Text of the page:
You know basic sleep hygiene. It’s boilerplate. Here’s what to do if you’re still stuck:

  1. Go through the list of factors above and jot down anything that seems like it’s relevant to your current situation. BE HONEST WITH YOURSELF! You don’t need to commit to changing any of it just yet.
  2. Does anything stand out as relatively easy to change? e.g. If you consistently go to bed too late because you lose track of time, try setting a recurring bedtime alarm on your phone or watch and stick to it for a week. If you are always waking up in a sweat, turn down the thermostat or dress in lighter clothing. These sorts of things may sound obvious, but sometimes we don’t acknowledge the easy tweaks we can do to make sleep come more easily.
  3. Implement a bedtime ritual. Make a commitment to set your phone aside an hour before bed, and use this time to read, take a shower, meditate, listen to music, or otherwise wind down. If you find yourself shooting this idea down because you’re too busy, then start with a 10 minute ritual. The ritual is not only meant to help relax you, but to cue your brain that it’s time to fall asleep. It’s a cognitive-behavioral strategy.
  4. Free write for 5 minutes before bedtime. This is especially helpful if you struggle with anxiety or racing thoughts at bedtime. Jot down anything and everything that’s on your mind: to-do’s, worries, problems. Tell yourself that you will revisit the list in the morning, but at this point you’ve done all you can for today. Fold up the paper and put it in a safe spot.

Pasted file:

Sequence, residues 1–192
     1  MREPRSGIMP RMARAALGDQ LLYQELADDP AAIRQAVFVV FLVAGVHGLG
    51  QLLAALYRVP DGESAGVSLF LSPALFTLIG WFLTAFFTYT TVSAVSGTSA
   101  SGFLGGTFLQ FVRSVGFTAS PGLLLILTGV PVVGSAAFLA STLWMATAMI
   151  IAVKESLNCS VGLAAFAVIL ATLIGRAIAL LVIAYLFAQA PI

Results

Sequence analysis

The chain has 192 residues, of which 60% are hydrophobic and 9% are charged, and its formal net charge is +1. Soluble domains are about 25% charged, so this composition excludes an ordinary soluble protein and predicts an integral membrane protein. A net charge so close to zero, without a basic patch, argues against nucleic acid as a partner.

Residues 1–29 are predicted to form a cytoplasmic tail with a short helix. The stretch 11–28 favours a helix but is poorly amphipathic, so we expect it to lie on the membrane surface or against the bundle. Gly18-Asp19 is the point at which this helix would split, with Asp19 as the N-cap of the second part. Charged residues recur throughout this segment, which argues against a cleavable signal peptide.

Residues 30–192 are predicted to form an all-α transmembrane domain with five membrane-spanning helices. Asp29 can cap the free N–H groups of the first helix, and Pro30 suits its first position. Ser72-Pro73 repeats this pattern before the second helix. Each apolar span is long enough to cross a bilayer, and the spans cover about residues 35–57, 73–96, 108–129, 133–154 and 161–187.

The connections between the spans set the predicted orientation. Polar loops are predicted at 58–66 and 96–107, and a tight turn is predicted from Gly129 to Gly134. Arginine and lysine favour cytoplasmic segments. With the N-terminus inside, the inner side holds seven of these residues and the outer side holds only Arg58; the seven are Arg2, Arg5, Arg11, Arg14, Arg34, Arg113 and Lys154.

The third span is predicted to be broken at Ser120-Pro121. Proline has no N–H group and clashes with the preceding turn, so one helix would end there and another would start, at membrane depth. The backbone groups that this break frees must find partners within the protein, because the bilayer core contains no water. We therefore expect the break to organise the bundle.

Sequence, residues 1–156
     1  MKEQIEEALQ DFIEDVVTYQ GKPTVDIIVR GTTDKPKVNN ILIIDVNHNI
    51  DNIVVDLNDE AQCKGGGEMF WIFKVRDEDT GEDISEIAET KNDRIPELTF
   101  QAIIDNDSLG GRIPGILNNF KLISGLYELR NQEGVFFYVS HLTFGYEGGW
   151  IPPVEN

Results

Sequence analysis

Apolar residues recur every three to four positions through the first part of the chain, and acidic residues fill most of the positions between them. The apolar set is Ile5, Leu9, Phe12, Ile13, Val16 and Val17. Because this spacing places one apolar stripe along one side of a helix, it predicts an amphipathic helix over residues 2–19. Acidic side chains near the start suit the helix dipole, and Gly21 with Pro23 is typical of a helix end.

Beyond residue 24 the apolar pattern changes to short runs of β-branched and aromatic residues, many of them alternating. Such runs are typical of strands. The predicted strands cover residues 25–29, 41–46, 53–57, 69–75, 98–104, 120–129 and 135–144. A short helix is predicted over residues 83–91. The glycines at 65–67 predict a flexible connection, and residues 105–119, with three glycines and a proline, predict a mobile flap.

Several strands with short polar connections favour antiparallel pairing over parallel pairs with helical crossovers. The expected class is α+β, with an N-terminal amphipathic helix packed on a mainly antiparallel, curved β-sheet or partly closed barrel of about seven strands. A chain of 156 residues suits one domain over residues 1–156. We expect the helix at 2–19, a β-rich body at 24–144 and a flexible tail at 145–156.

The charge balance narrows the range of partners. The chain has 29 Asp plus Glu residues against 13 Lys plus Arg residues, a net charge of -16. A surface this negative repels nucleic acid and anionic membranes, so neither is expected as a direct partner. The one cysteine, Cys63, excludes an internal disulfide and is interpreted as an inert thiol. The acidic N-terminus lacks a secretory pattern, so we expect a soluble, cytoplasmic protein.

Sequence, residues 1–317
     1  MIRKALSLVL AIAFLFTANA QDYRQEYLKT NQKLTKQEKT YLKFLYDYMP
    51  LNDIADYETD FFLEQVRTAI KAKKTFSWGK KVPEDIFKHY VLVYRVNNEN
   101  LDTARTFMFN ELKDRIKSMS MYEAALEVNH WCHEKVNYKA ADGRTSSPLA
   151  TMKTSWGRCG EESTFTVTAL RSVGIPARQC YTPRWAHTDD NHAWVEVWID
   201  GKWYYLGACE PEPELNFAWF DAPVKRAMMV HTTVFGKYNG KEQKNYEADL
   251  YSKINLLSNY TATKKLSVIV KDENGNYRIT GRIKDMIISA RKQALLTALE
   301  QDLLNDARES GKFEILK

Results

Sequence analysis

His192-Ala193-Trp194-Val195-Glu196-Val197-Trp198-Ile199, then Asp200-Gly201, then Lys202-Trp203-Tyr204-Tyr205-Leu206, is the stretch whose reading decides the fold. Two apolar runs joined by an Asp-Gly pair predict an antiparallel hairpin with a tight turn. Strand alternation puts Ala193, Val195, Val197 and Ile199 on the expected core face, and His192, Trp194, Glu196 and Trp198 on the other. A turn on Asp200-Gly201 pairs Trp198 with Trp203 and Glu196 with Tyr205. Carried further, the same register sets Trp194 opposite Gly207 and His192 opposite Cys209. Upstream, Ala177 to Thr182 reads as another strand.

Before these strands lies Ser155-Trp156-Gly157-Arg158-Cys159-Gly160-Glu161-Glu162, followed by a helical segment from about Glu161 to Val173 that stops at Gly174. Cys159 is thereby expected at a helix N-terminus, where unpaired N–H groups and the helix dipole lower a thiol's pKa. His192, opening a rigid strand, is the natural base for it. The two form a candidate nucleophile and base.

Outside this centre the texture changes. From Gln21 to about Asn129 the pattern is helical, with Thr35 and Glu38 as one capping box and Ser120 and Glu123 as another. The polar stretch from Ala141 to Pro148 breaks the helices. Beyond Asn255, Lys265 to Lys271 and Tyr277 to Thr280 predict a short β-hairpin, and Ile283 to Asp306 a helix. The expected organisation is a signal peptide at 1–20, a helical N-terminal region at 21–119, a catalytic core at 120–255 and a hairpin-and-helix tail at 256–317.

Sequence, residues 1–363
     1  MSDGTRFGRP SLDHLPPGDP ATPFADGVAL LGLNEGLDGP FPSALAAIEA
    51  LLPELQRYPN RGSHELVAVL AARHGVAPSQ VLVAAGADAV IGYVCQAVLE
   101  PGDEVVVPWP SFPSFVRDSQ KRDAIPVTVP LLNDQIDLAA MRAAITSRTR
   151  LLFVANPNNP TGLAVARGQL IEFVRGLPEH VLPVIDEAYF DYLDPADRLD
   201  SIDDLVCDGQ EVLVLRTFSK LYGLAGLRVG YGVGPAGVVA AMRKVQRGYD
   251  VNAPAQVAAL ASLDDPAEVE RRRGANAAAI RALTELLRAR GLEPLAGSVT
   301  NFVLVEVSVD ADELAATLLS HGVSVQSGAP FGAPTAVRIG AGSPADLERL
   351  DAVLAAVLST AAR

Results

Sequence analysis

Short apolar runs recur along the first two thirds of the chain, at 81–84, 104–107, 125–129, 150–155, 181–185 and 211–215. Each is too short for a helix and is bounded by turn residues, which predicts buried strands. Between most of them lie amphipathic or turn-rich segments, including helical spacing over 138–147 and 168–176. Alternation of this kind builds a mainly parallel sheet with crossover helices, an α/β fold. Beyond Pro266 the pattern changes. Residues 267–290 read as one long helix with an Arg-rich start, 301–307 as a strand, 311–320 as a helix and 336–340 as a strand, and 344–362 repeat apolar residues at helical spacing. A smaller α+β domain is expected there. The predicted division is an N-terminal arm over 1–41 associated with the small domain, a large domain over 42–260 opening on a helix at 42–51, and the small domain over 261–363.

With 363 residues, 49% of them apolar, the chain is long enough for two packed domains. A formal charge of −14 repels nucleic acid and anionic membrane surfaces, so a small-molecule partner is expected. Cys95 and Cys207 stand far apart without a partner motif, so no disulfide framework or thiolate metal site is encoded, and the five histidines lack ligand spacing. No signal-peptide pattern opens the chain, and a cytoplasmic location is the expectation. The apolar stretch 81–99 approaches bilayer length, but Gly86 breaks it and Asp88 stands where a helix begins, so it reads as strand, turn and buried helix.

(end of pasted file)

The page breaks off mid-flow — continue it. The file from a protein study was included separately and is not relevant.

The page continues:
5. Choose one of the more complicated interfering factors and begin brainstorming solutions (but not at bedtime). Maybe it’s your alcohol use or your diet… maybe it’s chronic worries about your job or undertreated depression… whatever the “big” or seemingly impossible problem may be, there may be ideas or solutions that you haven’t tried. And if you’re resisting change, it might be worth seeing a therapist to talk through what’s getting in your way.

This isn’t to say that basic sleep hygiene strategies aren’t useful. It never hurts to take a look at the timing and quantity of caffeine consumption, for example. And one of my favorite sleep hygiene suggestions is getting out of bed if you’re having trouble falling asleep. If you are lying in bed getting frantic about how many hours are left in the night, it won’t help to keep lying there for two hours, staring at the clock. You’re better off getting up, putting on some lotion and reading a calming book until you start feeling sleepy again, and then returning to bed.

What works for you? What doesn’t seem to help?

Self-care is more than “treating yourself”

Let’s talk about self-care for a sec. True self care.

Before you groan or roll your eyes, hear me out. The term “self-care” has gotten a frivolous reputation in some circles as fluffy, optional, escapist — a way that millennials avoid “adulting” (ugh, that WORD, can we ban it please??). But that is just not how I see it.